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  • The Science of Hitting commented on The Science of Hitting's article 05-22 05:24
    Walmart: With Help, I'll Be Buying More Soon
    I announced in early 2014 that I was initiating a position in Walmart (WMT) common stock. Since then, I haven’t had too much to say about the...
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    The Science of Hitting 05-22 06:24
    • Valuell - Fair question. The answer is that I wasn't an investor back then, so I wasn't purchasing anything in 2005; even when I did start (2007 or so), I wasted a lot of time chasing companies like solar panel manfuacturers that I couldn't understand before I finally started to recognize truly great companies like Walmart, PepsiCo, etc.

      In regards to your last comment ("it was much cheaper then"), consider the following: the stock has risen roughly 60% since 2005 (obviously depends on when you bought it); on the other hand, earnings (and FCF) per share, book value per share, the dividend per share, and the unit count, have all more than doubled over the same time period. So on those metrics, WMT looks better now than it did a decade ago. I'd be interested in hearing why you think it was much cheaper back then relative to today; thanks!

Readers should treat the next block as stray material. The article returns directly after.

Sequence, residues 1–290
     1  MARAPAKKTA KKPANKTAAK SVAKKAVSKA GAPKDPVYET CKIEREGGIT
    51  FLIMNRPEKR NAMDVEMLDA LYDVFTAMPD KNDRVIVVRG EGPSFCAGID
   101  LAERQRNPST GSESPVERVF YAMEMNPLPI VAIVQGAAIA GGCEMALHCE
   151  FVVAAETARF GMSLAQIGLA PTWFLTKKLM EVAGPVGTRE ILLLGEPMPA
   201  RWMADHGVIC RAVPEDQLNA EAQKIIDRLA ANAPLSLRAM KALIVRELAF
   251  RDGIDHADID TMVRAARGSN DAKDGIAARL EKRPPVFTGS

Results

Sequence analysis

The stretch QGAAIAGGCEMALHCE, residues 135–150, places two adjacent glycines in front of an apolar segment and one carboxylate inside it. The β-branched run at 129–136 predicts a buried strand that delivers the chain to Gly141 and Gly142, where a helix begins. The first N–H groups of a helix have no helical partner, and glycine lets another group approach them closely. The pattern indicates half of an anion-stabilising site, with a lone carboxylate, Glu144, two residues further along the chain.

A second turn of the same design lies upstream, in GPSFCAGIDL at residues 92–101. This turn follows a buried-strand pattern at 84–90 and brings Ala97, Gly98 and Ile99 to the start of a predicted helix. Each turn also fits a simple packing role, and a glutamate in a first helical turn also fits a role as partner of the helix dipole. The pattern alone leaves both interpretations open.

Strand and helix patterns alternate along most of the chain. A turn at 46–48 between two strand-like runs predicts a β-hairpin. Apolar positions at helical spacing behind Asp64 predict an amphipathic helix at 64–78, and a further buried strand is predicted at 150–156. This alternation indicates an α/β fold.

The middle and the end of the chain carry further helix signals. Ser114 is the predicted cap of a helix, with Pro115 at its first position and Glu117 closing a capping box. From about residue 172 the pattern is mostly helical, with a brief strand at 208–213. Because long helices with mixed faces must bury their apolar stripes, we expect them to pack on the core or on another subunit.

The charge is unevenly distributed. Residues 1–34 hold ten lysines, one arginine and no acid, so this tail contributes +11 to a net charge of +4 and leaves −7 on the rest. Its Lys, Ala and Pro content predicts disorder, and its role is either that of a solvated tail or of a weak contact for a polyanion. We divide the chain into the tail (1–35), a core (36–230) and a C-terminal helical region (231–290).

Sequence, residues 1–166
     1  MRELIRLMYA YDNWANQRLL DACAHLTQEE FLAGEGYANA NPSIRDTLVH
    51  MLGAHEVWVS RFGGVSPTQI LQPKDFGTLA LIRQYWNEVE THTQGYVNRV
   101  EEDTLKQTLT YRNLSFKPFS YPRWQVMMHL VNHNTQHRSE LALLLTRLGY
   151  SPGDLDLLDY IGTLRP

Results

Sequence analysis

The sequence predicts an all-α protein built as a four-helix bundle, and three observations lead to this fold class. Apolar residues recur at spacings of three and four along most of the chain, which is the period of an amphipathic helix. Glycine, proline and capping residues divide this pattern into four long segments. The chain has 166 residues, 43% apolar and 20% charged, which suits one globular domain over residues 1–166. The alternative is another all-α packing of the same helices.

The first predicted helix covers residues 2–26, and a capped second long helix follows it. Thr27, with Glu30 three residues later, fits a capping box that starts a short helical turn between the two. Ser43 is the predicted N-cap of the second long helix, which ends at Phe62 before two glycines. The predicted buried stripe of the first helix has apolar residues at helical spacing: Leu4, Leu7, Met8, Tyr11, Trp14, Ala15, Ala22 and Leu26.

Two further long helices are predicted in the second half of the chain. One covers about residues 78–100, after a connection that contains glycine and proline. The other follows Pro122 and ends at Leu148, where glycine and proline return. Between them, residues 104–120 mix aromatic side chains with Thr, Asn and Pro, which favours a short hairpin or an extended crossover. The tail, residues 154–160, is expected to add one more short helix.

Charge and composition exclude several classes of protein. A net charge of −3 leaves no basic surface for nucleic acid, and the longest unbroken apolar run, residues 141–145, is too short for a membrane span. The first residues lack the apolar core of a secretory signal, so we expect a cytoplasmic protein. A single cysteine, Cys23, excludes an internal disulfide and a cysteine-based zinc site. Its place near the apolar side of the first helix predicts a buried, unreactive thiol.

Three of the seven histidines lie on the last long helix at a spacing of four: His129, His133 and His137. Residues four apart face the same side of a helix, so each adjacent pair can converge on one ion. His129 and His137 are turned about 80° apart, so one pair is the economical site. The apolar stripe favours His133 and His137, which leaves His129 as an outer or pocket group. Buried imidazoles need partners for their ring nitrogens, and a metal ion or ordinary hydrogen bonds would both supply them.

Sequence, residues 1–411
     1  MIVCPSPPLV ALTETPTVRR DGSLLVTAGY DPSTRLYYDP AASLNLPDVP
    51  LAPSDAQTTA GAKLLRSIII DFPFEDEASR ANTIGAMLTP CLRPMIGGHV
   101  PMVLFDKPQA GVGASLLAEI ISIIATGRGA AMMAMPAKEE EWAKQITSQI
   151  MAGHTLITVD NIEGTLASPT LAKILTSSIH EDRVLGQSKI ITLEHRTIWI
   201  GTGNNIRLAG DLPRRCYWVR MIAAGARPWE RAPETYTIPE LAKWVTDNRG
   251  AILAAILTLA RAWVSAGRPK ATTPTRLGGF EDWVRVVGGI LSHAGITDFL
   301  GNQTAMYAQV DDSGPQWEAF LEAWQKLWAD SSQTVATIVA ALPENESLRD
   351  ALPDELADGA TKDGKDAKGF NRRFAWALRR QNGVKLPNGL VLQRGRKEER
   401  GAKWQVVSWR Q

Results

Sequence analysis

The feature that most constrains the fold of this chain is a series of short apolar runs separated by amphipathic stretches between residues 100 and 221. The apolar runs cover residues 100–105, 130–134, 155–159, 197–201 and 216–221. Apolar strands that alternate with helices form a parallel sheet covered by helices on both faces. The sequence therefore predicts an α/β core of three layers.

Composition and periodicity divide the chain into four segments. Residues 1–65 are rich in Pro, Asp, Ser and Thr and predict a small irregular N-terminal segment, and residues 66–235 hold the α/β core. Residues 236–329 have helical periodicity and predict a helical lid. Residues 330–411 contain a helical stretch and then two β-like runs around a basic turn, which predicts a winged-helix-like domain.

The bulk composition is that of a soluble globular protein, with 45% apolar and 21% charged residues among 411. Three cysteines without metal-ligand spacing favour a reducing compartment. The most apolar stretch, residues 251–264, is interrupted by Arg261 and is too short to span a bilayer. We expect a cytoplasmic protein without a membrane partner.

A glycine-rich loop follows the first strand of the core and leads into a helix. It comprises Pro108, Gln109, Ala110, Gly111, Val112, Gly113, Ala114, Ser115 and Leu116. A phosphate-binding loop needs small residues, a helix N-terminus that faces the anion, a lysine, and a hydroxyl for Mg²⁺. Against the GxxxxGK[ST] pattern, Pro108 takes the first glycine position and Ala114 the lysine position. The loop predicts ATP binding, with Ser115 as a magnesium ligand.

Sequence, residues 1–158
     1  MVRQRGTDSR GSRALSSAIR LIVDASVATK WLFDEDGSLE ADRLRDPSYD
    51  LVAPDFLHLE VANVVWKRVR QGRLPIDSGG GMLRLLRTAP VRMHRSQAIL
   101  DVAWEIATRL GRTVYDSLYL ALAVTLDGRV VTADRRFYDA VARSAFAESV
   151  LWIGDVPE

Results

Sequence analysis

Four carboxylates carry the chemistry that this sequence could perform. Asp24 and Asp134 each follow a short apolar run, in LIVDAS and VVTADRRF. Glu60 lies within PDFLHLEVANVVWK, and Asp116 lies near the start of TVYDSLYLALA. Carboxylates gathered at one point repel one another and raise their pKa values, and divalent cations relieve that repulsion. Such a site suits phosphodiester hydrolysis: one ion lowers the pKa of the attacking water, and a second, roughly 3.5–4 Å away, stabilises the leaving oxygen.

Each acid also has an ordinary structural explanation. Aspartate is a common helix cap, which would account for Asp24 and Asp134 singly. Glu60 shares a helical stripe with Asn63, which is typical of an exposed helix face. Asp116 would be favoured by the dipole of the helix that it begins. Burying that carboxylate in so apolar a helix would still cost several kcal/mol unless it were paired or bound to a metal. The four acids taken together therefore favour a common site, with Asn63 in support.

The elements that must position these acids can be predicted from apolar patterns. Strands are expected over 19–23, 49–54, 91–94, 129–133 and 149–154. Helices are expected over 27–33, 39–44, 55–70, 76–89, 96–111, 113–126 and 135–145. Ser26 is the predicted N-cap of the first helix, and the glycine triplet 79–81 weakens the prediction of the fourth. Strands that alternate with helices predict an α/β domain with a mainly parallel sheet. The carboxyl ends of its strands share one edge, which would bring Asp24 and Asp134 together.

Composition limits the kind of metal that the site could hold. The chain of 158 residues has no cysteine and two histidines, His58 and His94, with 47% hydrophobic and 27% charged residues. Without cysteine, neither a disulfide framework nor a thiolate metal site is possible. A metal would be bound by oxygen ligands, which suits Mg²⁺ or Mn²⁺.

• The Science of Hitting commented on The Science of Hitting's article 05-13 04:07
    Berkshire Hathaway First Quarter Results: Back on Track At BNSF
    Berkshire Hathaway (BRK.A)(BRK.B) recently reported first quarter results, but with limited recognition by the financial media (beyond headline...
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    The Science of Hitting 05-13 05:07
    • Tom - Agreed! I think a big part comes down to something relatively simple: not doing something simply because others are ("institutional imperative") or because you have cash lying around above "core" (or what many consider core: dividend + CapEx) needs. I've seen too many companies where excess cash - which likely means the economy is doing well, valuations are higher, etc - is sent to repurchases as a default activity; that's a setup that, by design, will not be optimal for continuing shareholders long term.

      Clearly all of that's just one component; he's a premier capital allocator indeed. 

      Thanks for the comment Tom!


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